For NPR, Violence Against Palestinians Is 'Calm'

January 10, 2002

Before the January 9 gun battle on the Gaza Strip, National Public Radio (NPR) had for weeks been telling its listeners that Israel/Palestine was in a period of "relative quiet."

"Morning Edition" anchor Bob Edwards on January 3 stated that U.S. envoy Anthony Zinni was coming to the region during "a time of comparative quiet." In another report the same day, correspondent Linda Gradstein referred to "the relative calm of the past few weeks." Other NPR reports have mentioned the "recent calm" (1/5/02) or the "fragile period of quiet" (1/7/02).

What NPR means by this was spelled out most explicitly by Linda Gradstein in a January 4 report on the envoy's mission. "You know, there's been actually three weeks of relative quiet," she said. "Only one Israeli has been killed in those three weeks, as opposed to 44 Israelis who were killed when Zinni was here last time in November and early December."

What Gradstein didn't mention-- and what someone who relied on NPR for their Middle Eastern news would have little idea of -- was that this has been in no way a period of calm for Palestinians. In fact, in the three- week period that Gradstein referred to, at least 26 Palestinians were killed by occupation forces-- more than one a day.

Media critic Ali Abunimah documented the killings in a letter of protest to NPR (1/8/02), starting with 13- year-old Rami Khamis Al-Zorob, shot in the head on December 13 while playing near his home in Rafah, Gaza. Most of the deaths cited by Abunimah were of unarmed civilians; six were minors, ranging in age from 12 to 17.

But none of these deaths received much attention from NPR, leaving the impression that calm for Israelis was calm for Palestinians as well. One of the few times that the Palestinian toll was even vaguely referred to was in this December 24 exchange between "All Things Considered" anchor Robert Siegel and correspondent Peter Kenyon:

SIEGEL: "There was a resumption of violence today, I gather, a shooting of a Jewish settler."

KENYON: "That's right, the first such shooting of a Jewish settler after a week of comparative quiet. There have been some deaths on the Palestinian side in the past week. But tonight a Jewish settler was shot in the chest, seriously wounded by Palestinian gunmen up near Nablus and the West Bank. One of the gunmen was also shot, and he was killed."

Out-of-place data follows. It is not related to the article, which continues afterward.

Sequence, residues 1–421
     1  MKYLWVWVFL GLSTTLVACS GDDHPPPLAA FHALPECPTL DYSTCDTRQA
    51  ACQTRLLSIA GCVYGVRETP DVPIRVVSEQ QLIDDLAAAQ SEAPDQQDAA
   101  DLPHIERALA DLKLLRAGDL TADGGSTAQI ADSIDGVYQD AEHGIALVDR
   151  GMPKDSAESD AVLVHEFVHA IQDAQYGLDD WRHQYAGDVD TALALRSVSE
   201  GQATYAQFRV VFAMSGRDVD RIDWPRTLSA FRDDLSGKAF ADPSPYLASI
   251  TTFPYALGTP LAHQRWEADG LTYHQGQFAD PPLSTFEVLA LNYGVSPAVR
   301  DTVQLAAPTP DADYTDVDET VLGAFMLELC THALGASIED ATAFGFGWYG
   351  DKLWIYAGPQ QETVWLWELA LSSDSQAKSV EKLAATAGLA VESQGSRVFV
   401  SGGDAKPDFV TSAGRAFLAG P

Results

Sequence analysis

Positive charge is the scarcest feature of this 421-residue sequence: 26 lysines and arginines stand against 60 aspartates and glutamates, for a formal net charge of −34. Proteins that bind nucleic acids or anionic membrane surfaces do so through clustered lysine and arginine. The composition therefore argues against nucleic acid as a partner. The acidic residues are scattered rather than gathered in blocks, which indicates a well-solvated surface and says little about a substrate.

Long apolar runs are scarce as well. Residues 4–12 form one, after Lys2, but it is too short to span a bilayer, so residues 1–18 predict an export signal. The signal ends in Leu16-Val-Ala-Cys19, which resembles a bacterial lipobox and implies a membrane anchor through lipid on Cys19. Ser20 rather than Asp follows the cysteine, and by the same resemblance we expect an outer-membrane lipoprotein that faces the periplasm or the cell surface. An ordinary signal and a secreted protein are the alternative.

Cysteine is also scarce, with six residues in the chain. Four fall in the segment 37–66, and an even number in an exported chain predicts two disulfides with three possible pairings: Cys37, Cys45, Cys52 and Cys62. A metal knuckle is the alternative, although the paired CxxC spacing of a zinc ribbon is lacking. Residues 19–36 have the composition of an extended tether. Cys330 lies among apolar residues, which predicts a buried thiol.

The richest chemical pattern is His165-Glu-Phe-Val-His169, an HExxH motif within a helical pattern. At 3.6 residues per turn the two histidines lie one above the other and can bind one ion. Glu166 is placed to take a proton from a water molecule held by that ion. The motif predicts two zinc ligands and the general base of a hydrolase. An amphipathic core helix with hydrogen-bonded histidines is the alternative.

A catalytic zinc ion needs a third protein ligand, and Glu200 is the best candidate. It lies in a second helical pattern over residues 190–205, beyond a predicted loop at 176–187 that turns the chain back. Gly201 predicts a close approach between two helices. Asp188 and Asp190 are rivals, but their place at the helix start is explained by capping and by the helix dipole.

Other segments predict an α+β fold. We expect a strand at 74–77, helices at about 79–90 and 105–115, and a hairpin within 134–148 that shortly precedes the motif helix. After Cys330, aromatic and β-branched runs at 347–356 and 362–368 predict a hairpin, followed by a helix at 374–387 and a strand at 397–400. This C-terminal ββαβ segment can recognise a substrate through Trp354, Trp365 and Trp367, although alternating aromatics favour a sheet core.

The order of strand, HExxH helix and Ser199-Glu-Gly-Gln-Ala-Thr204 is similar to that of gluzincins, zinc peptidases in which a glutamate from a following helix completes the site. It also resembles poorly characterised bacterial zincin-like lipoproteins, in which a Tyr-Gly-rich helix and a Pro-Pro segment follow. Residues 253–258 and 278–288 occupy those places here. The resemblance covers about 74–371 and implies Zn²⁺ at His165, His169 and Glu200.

Kenyon agrees with Siegel's claim that December 24 marked a "resumption of violence," even while acknowledging that "there have been some deaths on the Palestinian side." In fact, there had been at least five Palestinians killed by Israeli forces in the previous week, including 12-year-old Muhammad Huneidek, shot in the chest at a checkpoint near the Neve Dekalim settlement near Gaza. Are we to conclude, then, that the killing of Palestinians is not violence?

That's the contention of the Israeli government, and NPR appears to take this position seriously. Here's a January 5 report by Kenyon:

"The raids into the West Bank and Gaza Strip have continued. They were yesterday in the West Bank village of Tel up near Nablus. They killed one Palestinian; four arrested. The army said they were all Hamas members.... But the Israelis don't consider these military raids to be violence. They consider that doing what Yasser Arafat should have been doing, by their rights, which is arresting these people and rounding them up."

The unequal treatment of Israeli and Palestinian deaths is a long-standing pattern at NPR; a FAIR study of six months of the network's coverage (Extra!, 11-12/01) found that 81 percent of Israeli conflict-related deaths were reported, but only 34 percent of Palestinian deaths. Strikingly, NPR was even less likely to report the deaths of Palestinian minors killed; only 20 percent of these deaths were reported, as compared to 89 percent of Israeli minors' deaths. While NPR was more likely to cover Israeli civilian deaths than those of Israeli security personnel (84 percent vs. 69 percent), the reverse was true with Palestinians (20 percent vs. 72 percent).

Of course, NPR is not the only outlet that has misreported the Israeli/Palestinian conflict by downplaying violence against Palestinians. When a battle in Israeli-occupied Gaza recently left four Israeli soldiers and two Hamas guerrillas dead, the New York Times described the story on its front page (1/10/02): "Palestinian gunmen in Gaza put an end to a lull in the violence, ambushing and killing four Israeli soldiers before being shot dead." The fact that the story inside acknowledges that "at least 20 Palestinians have died violently" in recent weeks only underscores how some violence doesn't seem to register with mainstream U.S. media.

ACTION: Please contact the NPR's ombudsman Jeffrey Dvorkin to ask for an end to NPR's double standard in reporting on the Israeli/Palestinian conflict, and for equal treatment of all victims of violence, regardless of ethnicity or nationality.

CONTACT: Jeffrey Dvorkin NPR Ombudsman

As always, please remember that your comments are taken more seriously if you maintain a polite tone. Please cc with your correspondence.

To read Abunimah's letter to NPR, see:

 (212) 633-6700